By Isabel Nieves, Intern

We often hear about the devastating effects of climate change and the future consequences if we do not begin taking greater action to prevent it. However, the domino effect of human rights issues caused by climate change is often forgotten. The negative impact of climate change is not limited to those who contribute the most to CO2 emissions, as one area that has become most vulnerable to the destructive effects is the Northern Triangle region in Central America, which consists of Honduras, El Salvador, and Guatemala. The agriculture sector in the region has become more difficult to maintain with escalated risk of droughts, floods, and other extreme weather events caused by climate change, in turn causing food scarcity in the region to worsen. The lack of food security has further stemmed immigration as families in the region look for better opportunities in the United States, one of the countries contributing the most to their climate change crisis.

The Impact of Climate Change in the Northern Triangle

Climate change has become increasingly evident through the increase in the frequency of extreme droughts, floods, forest fires, and hurricanes that have caused mass destruction in numerous communities around the world. Most recently to hit the U.S., Hurricane Maria tore through parts of Puerto Rico in 2017, and the island is still recovering from its deadly aftermath nearly four years later. The surge in hurricanes due to climate change has also impacted the Northern Triangle region, causing not one but two hurricanes within the past year. Back-to-back, Hurricane Eta and Hurricane Iota wrought catastrophic damage in the region, leaving more than 5.3 million people in need of aid. Research on the global climate risk index by Germanwatch found that between 1998 and 2017, Honduras was among the top two countries that were most affected by extreme weather conditions.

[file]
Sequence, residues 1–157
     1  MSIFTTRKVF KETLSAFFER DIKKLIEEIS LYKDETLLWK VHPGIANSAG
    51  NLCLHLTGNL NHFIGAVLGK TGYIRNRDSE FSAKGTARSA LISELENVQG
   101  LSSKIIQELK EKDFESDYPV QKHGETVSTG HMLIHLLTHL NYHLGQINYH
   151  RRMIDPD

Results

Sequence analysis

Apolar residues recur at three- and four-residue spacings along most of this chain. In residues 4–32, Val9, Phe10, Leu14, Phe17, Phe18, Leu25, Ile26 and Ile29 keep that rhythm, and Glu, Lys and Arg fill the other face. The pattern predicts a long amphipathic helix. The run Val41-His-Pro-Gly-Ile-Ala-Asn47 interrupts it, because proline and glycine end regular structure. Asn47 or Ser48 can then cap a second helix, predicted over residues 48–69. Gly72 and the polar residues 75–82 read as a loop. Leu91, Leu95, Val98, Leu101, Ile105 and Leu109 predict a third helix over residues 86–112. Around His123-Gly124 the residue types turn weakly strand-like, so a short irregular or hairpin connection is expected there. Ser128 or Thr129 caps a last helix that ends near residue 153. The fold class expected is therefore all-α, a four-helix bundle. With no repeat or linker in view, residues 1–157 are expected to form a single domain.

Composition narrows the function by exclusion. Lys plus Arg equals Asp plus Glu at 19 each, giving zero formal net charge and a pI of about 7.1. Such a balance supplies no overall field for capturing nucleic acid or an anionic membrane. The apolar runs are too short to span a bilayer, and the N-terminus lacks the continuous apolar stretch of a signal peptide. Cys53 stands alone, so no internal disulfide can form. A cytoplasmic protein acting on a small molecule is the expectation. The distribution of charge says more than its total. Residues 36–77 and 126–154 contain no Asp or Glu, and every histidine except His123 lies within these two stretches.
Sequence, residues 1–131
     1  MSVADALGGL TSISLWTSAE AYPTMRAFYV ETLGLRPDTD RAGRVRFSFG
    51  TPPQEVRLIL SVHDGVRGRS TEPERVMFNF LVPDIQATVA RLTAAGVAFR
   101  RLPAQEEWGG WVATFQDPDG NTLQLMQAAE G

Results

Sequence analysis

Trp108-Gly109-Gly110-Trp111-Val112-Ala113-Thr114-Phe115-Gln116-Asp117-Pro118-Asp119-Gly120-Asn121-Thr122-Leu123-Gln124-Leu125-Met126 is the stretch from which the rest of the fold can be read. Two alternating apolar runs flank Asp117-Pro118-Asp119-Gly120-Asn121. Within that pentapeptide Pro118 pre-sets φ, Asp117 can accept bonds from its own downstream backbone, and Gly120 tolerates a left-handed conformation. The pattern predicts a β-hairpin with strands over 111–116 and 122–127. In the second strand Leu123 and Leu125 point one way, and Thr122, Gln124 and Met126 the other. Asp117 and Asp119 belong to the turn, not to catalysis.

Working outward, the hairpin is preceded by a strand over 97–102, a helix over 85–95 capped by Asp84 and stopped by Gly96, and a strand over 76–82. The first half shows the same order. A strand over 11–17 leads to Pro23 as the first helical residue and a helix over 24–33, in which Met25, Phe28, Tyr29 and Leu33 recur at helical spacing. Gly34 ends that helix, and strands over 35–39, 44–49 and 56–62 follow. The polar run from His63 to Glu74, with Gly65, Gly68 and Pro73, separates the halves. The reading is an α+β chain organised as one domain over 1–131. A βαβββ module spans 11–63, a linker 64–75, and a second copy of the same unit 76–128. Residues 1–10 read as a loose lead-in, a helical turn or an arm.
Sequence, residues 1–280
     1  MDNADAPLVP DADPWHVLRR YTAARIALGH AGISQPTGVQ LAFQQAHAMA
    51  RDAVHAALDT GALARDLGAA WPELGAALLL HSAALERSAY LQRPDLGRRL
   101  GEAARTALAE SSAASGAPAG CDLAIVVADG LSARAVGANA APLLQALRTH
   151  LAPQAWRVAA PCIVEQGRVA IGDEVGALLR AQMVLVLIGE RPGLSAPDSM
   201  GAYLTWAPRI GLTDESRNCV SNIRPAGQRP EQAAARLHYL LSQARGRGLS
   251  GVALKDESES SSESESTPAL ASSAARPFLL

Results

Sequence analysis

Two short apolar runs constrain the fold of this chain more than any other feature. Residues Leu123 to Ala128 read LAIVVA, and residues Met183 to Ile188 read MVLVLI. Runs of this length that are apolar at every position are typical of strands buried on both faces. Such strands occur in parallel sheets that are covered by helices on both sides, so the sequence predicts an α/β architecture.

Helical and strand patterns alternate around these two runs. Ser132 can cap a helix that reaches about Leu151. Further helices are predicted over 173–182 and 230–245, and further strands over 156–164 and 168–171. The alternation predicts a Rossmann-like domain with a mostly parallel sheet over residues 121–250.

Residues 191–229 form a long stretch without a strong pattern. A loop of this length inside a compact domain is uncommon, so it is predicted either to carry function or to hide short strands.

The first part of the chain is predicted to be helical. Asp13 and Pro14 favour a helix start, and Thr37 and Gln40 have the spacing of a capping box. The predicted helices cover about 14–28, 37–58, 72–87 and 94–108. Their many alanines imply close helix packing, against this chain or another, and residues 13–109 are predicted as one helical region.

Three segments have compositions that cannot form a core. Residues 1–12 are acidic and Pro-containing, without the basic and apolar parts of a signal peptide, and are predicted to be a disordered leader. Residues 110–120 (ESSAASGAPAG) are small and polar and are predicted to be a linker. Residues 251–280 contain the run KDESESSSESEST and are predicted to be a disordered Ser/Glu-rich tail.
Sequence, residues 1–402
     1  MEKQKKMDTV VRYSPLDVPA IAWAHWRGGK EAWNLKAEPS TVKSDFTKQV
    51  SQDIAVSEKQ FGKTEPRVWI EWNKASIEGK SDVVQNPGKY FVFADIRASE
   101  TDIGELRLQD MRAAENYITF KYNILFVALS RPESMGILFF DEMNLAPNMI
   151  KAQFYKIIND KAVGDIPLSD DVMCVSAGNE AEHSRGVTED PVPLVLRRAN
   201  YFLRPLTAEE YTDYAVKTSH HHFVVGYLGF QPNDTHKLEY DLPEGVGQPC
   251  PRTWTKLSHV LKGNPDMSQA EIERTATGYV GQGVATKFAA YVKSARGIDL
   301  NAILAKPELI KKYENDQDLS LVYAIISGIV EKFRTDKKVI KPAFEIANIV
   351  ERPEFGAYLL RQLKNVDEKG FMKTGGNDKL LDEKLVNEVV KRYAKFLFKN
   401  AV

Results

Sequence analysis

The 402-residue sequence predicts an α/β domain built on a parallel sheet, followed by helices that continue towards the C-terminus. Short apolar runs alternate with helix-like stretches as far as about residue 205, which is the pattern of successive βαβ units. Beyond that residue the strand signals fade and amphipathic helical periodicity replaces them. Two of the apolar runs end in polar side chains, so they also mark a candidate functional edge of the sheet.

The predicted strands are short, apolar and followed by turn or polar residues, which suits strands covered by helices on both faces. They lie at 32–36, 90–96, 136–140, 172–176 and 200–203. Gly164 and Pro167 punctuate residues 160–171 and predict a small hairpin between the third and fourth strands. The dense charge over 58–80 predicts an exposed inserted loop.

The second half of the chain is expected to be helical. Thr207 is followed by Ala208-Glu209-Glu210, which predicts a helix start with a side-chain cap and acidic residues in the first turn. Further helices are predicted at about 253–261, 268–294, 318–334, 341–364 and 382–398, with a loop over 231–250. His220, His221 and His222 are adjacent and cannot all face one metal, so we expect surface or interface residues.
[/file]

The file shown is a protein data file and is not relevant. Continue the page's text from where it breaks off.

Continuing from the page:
The increase in extreme weather conditions has significantly impacted the local communities, especially local farms in which agriculture makes up 14% of Honduras’s GDP. Many families have nothing to sell or eat with large productions of coffee, corn, and beans withered by droughts, leaving many hungry. In 2018, the Honduran government declared a state of emergency due to food shortages, with over 100,000 families lacking adequate food. Despite the active response in providing families with food, hunger continues to deepen in the country as nearly one-third of the population continues to face issues with food scarcity and nearly two-thirds lives in poverty.

With families already fleeing the Northern Triangle region due to economic instability, government persecution, and violence, the effects of climate change have compounded the need to escape. The climate crisis has further exacerbated the number of displaced individuals and families. This has led to a projected estimate of 3.9 million climate refugees seeking better opportunities and safety in the U.S. within the next three decades. In response, the Biden administration is attempting to curb illegal immigration into the U.S. by addressing the governance, economic, and security challenges in the Northern Triangle region, and has donated $115 million to El Salvador alone to advance their efforts. However, the U.S. must also consider its own contribution in causing the climate crisis in the region.

Call for Preventative Action and Assistance

Rather than efforts aimed to solely discourage immigration, the U.S. needs to shift its focus by addressing its own role in effecting climate change. Additionally, international organizations and development agencies, such as USAID, will need to continue to provide support to countries in the Northern Triangle region and implement creative solutions to improve the agriculture sector and economic opportunities, thus helping to increase food security and stemming migration. Large corporations and countries contributing the most to CO2 emissions need to be held accountable for their involvement in causing climate change and should offer relief to the communities most affected by their actions. Although we are unable to reverse the damage that has been done, preventative action needs to be taken immediately to avoid further destruction and other human rights violations in the Northern Triangle region and the world.

 

 

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